The Centre has recently undertaken a major strategic review and is forging a dynamic new pathway as the leading organisation in food safety in the Australasian fresh produce industry.
Under its Constitution, two Directors are required to retire annually and are eligible to re-nominate for election. Therefore, FPSC A-NZ is seeking nominations to fill two Board vacancies, one from Australia and one from New Zealand (to become effective as from 19 December 2018). These are voluntary roles. The Board meets four times per year – usually twice by teleconference.
Candidates should have a sound knowledge of the fresh produce industry and experience in working on boards and/or industry advisory boards.
Skillsets to include one or more of food safety, innovation, R&D, communication, marketing, events, funds procurement and fresh produce operations.
Interested candidates should complete the Director Nomination Form and return to email@example.com no later than 5pm Tuesday 11 December 2018.
A strong food safety culture will prevent further outbreaks, says Dr Pieternel Luning, visiting from Wageningen University in the Netherlands. However, it is unlikely we will ever reach zero.
Food Safety Culture Top Tips
- Take an assessment of your current food safety culture – what’s happening, what isn’t
- Employee characteristics (food safety attitudes & values, food risk perceptions)
- Organisational characteristics (leadership, commitment, communication style, food safety/hygiene procedures)
- Food safety management system (design & operation)
- Facilitative technological resources (protective clothing, food safety/hygiene tools)
- Look at what you can actually see within an organisation
- Values on display
- Hygiene facilities
- Understanding of procedures
- People, process, purpose, practicality – think about these four areas when creating the right food safety culture in your organisation.
Food Safety News: Federal officials won’t say definitively that contaminated canal water was behind this year’s deadly E. coli outbreak linked to romaine lettuce, but they are saying they “found no evidence in support of alternative explanations.” Another point made clear in an outbreak investigation report released yesterday puts the FDA firmly on record when it comes to antiquated shipping and receiving recordkeeping used by many in the leafy greens industry.
NZ Ministry for Primary Industries: This guidance document has been developed to help operators to determine the shelf life of their food products and to apply the appropriate date marking. It provides useful information to assist operators preparing and handling foods for retail sale. Any legal requirements are shown in boxes with quotation marks.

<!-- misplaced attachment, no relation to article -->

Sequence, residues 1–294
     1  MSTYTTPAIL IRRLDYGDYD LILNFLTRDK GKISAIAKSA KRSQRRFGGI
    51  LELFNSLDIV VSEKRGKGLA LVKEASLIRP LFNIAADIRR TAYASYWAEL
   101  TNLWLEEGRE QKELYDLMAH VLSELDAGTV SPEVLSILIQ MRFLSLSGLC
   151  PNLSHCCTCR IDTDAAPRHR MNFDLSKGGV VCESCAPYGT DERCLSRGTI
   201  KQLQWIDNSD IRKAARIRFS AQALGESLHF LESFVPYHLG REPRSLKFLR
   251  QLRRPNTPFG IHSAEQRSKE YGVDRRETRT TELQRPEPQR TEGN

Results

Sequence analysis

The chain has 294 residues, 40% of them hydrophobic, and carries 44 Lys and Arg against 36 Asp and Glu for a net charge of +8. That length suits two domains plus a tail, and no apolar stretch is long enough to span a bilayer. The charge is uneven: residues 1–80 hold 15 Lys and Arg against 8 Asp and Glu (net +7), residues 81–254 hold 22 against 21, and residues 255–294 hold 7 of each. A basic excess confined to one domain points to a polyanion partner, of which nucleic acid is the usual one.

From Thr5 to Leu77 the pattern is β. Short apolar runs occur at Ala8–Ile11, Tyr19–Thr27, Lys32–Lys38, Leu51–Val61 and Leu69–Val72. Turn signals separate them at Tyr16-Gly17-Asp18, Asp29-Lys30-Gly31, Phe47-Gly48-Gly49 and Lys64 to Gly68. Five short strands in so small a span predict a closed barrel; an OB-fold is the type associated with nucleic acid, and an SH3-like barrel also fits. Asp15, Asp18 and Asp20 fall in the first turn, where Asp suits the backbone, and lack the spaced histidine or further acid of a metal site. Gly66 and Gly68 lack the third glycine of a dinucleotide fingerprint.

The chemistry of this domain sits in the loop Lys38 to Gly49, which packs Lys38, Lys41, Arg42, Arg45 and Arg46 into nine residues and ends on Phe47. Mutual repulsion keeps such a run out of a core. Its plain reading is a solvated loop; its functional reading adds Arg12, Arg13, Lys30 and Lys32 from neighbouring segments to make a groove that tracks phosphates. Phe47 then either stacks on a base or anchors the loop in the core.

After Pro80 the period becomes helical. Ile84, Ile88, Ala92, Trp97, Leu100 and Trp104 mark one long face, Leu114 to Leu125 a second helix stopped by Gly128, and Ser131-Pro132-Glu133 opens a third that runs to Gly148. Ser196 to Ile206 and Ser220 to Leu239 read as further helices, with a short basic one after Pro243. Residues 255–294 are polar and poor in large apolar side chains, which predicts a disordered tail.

Food Safety Information Council: The Food Safety Information Council today released national Omnipoll research that shows that one in three Australians are either at risk of getting the potentially fatal Listeria infection themselves or live in a household with someone at risk. Rachelle Williams, FSIC Chair, said that this research shows a third of these people who are at risk, or living with someone at risk, had never heard of Listeria infection and two in ten of these couldn’t name any of the foods they needed to avoid or cook to prevent Listeria infection.
[news; microbial contamination]
GLOBALG.A.P.: The Japanese AEON Group will become the first retailer to sell products in Asia with the GGN consumer label, thus showing that the products are supplied from farms that have obtained GLOBALG.A.P. certification for good agricultural practices. As of October 2018, AEON and AEON STYLE general merchandise stores, MaxValu supermarkets, and other AEON Group stores across Japan have begun selling GGN-labeled bananas, potatoes, and onions under AEON’s private brand “Topvalu”.
[news; food standards]
ABC News: Given a choice, what do you use: a paper towel or an electric hand dryer? Or do you wipe your hands on your jeans and walk out the door? The paper-towel-vs-hand-dryer debate makes headlines whenever a study comes out in favour of one or the other. Look at who doles out the money for these studies, though, and you’ll see it’s usually the “winning” side. Still, universities and research institutions do (hopefully) conduct the research independently, even if they receive industry funding. So let’s take a look at what they say.
New Zealand Food Safety: New Zealand Food Safety today released a new publication that provides foundation food safety information for directors, executives and owners of food businesses. New Zealand Food Safety’s director of food regulation, Paul Dansted says the guide, entitled Food safety: Good governance guide for directors, executives and business owners, has been developed with the support of the Institute of Directors and is designed to assist directors, executives and business owners understand their responsibilities in relation to food safety and to improve food safety culture in their businesses.
Food & Beverage Magazine: A national traceability project, which will help Australian farmers show the origins and quality of their produce, is underway. Australian minister for agriculture, David Littleproud, said the project would enhance trust in Australian-grown products and give farmers a competitive edge. ”We’ll be able to more easily find where a biosecurity or food safety problem began so an isolated incident won’t impact a whole industry,” said Littleproud.
PMA: Blockchain continues to be a hot topic, and it has developed beyond pilot programs to practical applications in the industry. In a recent webinar, we discussed how blockchain is being used today by retailers, grower-shippers and technology solution providers. This webinar includes; a recap of what blockchain is; how blockchain is being utilized to address today’s supply chain issues; and opportunities, challenges and recommendations to get started with a blockchain program.